Starting next week, the Walla Walla Valley Wine Alliance will be conducting its annual tasting events. These events have long included Seattle and Portland. For the second year running, there is a third city involved: Boise.
“We wanted to make sure we were heading east with Walla Walla Valley wine instead of just keeping our sights set on the west,” says Walla Walla Valley Wine Alliance executive director Liz Knapke. “It’s been a market and region that’s been really important to us for some time.”
The Alliance had events in Boise over a decade ago but then took a long pause. Last year, the group, a non-profit, membership organization charged with promoting the area’s wines, returned to Boise with great success. The event was the first of the three to sell out, though in part due to a smaller venue.
To accommodate the interest, the Alliance added a second night in Boise this year, with the events taking place March 3rd and 4th. Overall, Walla Walla Valley wineries are gaining significant traction in the Gem State.
“We’re getting more and more wineries hooked into distribution in Idaho, so we’ve got better representation in the market,” Knapke says. “The trade in Boise, we’re their closest ally in many ways. We’re their neighbor wine region.”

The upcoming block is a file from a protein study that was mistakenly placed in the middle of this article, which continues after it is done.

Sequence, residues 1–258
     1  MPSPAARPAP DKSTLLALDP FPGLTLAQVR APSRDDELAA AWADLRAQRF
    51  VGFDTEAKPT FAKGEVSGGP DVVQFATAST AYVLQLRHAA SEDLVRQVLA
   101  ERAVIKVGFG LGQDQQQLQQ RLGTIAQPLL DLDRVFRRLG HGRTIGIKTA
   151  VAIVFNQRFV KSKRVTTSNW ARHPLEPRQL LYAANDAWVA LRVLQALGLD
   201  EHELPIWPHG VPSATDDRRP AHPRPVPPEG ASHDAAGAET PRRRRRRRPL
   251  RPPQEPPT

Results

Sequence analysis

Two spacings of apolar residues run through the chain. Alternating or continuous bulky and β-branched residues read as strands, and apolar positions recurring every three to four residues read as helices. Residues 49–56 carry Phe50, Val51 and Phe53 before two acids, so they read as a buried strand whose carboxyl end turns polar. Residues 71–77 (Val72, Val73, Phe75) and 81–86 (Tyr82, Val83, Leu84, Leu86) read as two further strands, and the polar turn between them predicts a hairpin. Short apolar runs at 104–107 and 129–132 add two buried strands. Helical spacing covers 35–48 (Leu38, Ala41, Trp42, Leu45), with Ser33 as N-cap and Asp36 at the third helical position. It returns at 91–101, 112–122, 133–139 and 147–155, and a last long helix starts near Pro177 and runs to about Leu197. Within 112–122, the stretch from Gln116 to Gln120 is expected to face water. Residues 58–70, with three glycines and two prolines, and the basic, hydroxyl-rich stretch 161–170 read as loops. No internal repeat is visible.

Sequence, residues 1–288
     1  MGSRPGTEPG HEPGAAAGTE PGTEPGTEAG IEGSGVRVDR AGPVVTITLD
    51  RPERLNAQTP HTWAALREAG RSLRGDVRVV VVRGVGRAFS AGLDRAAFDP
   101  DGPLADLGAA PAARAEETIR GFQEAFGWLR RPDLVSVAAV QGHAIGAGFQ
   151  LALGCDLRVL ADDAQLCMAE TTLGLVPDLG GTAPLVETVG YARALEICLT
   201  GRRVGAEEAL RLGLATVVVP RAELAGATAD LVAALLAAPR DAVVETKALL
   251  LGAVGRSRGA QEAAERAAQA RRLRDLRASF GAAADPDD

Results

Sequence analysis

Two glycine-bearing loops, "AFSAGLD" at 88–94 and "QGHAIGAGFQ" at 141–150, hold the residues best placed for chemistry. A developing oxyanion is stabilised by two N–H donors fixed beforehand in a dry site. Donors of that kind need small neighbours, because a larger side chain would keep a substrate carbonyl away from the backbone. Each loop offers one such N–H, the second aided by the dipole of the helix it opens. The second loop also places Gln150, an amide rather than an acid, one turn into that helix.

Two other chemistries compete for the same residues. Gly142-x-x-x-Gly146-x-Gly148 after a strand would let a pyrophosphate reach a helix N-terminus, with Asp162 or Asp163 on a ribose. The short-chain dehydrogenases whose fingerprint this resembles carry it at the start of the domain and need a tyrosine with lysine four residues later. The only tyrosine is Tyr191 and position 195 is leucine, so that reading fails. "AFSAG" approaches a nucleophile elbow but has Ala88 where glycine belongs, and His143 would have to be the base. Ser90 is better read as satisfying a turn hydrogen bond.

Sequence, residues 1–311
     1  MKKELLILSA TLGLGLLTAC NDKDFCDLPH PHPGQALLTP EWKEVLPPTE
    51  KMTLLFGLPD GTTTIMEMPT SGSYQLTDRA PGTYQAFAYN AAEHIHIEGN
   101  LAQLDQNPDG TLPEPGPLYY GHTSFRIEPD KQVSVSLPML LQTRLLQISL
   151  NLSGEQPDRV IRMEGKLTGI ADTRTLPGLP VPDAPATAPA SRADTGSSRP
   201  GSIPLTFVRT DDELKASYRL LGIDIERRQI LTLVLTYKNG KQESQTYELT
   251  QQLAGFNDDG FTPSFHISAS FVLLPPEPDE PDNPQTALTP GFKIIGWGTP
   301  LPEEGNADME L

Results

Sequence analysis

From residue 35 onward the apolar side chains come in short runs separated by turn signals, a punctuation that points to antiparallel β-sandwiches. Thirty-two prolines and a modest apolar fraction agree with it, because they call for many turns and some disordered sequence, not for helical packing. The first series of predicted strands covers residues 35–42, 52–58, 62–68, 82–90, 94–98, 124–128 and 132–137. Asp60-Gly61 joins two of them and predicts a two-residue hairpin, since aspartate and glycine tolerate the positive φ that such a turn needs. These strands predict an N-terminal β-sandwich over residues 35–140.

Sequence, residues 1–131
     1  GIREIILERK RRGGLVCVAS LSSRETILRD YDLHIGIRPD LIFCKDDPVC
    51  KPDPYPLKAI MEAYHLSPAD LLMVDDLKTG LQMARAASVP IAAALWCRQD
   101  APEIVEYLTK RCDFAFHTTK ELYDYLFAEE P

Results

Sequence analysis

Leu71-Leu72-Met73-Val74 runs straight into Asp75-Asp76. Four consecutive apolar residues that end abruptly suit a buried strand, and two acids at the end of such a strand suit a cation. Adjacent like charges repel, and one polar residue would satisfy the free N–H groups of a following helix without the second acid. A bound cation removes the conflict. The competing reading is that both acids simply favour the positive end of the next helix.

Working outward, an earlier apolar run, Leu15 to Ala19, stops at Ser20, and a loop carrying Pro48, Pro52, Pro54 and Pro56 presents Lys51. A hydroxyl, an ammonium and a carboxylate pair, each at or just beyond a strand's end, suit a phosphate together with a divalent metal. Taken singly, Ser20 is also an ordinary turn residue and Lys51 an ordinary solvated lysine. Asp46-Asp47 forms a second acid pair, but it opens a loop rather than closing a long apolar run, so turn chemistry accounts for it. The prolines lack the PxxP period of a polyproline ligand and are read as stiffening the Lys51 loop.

Boise, along with neighboring Garden City, is home to over a dozen wineries and is approximately four hours from Walla Walla. This makes it about the same driving distance as Portland and Seattle. While Walla Walla has long seen a steady stream of visitors from Boise, the town has surely benefitted from the recent growth of Boise and its surrounding areas.
“It’s the third most significant part of our wine club behind the Puget Sound and Portland,” says Chad Johnson, co-founder of Dusted Valley in Walla Walla. “It’s always been a great market for us.”
John Blair, general manager at Dunham Cellars, which was founded in 1995, agrees. “We’ve always had a really strong Boise following,” he says. “(Founding winemaker) Eric Dunham spent a lot of time in the early years of our winery developing relationships and meeting key buyers there.”
Boise also offers Walla Walla something Seattle can’t: year-round visitors. Wine tourism from the Puget Sound area surges in April and wanes in November. Snoqualmie Pass highway conditions greatly impact whether people in western Washington travel to the area during the winter months. That is less the case with people from Boise.
“They’re willing to drive in crappy weather,” says Johnson. “They don’t care if it’s snowing on the pass.”
The Walla Walla Wine Alliance’s Seattle event, meanwhile, is next week on January 29th. The Portland event takes place February 26th. There will be 50 wineries represented at each event. Walla Walla Valley, which celebrates its 40th anniversary as an appellation next month, is home to over 130 wineries and tasting rooms.
There are other changes in addition to a second night in Boise. The Walla Walla Valley Wine Alliance is adding bottle sales to the event.
“It will be a limited selection,” says Knapke. “Usually wineries bring four SKUS, and we’re introducing the opportunity to sell one of the SKUs.”
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